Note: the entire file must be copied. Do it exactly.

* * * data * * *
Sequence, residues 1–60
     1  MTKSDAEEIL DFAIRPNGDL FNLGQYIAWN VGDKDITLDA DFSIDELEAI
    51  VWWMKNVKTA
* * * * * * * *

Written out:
Sequence, residues 1–60
     1  MTKSDAEEIL DFAIRPNGDL FNLGQYIAWN VGDKDITLDA DFSIDELEAI
    51  VWWMKNVKTA